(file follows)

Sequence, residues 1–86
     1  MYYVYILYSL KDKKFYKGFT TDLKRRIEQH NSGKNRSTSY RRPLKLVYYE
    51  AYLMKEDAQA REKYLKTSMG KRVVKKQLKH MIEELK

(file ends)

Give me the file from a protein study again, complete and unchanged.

Sequence, residues 1–86
     1  MYYVYILYSL KDKKFYKGFT TDLKRRIEQH NSGKNRSTSY RRPLKLVYYE
    51  AYLMKEDAQA REKYLKTSMG KRVVKKQLKH MIEELK